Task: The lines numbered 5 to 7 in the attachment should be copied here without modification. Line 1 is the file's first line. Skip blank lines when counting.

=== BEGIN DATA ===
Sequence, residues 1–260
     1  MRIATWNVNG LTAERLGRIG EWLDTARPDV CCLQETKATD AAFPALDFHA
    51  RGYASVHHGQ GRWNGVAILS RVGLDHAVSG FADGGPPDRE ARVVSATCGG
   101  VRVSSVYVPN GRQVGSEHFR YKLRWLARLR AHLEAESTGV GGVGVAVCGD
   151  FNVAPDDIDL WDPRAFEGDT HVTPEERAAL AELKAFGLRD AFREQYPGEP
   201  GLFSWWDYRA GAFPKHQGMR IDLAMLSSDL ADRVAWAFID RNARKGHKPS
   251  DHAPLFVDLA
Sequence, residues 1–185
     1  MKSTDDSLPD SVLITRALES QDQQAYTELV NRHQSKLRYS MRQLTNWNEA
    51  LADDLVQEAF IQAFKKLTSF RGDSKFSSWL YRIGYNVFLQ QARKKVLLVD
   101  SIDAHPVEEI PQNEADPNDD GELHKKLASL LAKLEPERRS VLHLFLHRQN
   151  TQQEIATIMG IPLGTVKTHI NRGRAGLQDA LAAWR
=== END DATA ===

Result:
   151  FNVAPDDIDL WDPRAFEGDT HVTPEERAAL AELKAFGLRD AFREQYPGEP
   201  GLFSWWDYRA GAFPKHQGMR IDLAMLSSDL ADRVAWAFID RNARKGHKPS
   251  DHAPLFVDLA